According to an article published online by The Wall Street Journal last Wednesday, Mexico’s Tourism Ministry has reported that private investment in the country’s tourism projects has risen 127 percent, hitting a whopping $903 million during the first three months of 2011 alone, as compared to the same period in 2010.
The vast majority of the newly allocated investment money has been flowing into Mexico City, which has received nearly $200 million dollars in tourism-related funds so far this year. The second largest recipient is reportedly Mexico’s state of Nayarit, which is located along the scenic Pacific coast, at $164 million dollars, followed by the central Mexico state of San Luis Potosi, which has been granted more than $100 million dollars.
According to the article, much of the new investment money will be dedicated to building new lodging and accommodations, while the rest will be dedicated to supporting and developing new real estate opportunities, as well as food and beverage services, which was another prime focus for the funding. These decisions were made based on data that was collected from investors, federal entities and various local business organizations throughout the areas that are receiving the funding.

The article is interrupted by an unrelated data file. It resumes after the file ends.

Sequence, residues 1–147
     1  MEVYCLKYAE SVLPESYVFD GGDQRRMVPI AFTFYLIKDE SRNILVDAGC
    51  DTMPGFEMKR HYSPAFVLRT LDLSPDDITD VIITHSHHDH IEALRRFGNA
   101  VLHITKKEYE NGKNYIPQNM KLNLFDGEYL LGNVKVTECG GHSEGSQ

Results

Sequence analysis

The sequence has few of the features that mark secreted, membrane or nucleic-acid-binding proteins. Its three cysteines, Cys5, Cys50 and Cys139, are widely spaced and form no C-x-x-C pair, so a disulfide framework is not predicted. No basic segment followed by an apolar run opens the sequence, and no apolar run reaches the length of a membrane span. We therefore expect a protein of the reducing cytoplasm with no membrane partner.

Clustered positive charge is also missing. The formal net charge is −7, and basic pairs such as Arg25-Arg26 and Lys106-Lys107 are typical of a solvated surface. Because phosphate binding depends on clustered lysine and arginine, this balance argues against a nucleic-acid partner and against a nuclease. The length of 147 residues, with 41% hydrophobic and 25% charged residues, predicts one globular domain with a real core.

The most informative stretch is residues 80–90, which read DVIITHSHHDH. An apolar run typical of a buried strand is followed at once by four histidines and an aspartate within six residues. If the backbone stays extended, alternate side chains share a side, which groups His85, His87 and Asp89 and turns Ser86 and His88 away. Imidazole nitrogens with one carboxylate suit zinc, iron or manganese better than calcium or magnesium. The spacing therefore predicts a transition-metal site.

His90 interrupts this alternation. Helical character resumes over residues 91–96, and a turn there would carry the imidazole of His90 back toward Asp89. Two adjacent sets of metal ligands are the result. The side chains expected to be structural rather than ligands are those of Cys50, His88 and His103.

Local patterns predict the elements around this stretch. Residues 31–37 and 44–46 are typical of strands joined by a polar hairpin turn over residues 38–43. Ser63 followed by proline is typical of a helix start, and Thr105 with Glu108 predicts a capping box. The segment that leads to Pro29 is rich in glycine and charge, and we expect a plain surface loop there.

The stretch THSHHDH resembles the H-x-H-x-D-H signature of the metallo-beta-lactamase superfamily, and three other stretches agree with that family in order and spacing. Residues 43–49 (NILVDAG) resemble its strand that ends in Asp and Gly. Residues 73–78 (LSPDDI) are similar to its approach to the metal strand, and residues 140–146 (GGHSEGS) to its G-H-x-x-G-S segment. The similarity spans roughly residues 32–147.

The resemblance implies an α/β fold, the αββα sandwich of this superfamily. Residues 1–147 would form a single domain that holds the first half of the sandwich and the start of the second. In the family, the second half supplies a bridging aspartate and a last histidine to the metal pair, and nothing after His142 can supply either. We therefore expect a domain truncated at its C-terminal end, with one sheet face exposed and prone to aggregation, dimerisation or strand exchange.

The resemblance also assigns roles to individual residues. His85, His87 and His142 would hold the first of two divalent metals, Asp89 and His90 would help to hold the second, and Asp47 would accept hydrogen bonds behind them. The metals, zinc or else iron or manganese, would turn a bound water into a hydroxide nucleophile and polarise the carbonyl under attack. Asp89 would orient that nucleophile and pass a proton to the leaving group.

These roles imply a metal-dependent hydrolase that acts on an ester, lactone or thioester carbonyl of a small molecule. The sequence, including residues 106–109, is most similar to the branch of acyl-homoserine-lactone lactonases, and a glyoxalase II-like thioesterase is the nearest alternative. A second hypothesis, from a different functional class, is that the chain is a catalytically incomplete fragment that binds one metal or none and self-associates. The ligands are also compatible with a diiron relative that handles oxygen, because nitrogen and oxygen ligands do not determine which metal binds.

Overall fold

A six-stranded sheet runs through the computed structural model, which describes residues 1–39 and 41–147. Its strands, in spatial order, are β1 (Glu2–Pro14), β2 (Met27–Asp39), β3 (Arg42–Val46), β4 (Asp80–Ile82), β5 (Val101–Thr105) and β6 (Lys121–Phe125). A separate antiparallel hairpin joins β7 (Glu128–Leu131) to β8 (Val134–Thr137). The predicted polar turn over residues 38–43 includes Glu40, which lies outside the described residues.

Since 2006 when current Mexican president Felipe Calderon took office,Mexico has already secured more than $14 billion in tourism investment dollars. The country’s Tourism Ministry attributes this to the quick recovery of assets and investments in Mexico, which is supported by ideal macroeconomic conditions and a highly skilled workforce.
According to a report by the World Travel and Tourism Council, tourism is expected to account for more than 13 percent of Mexico’s gross domestic product, which is the value of all goods and services produced, and also will provide close to 15 percent of all domestic jobs, making tourism Mexico’s third largest source of revenue.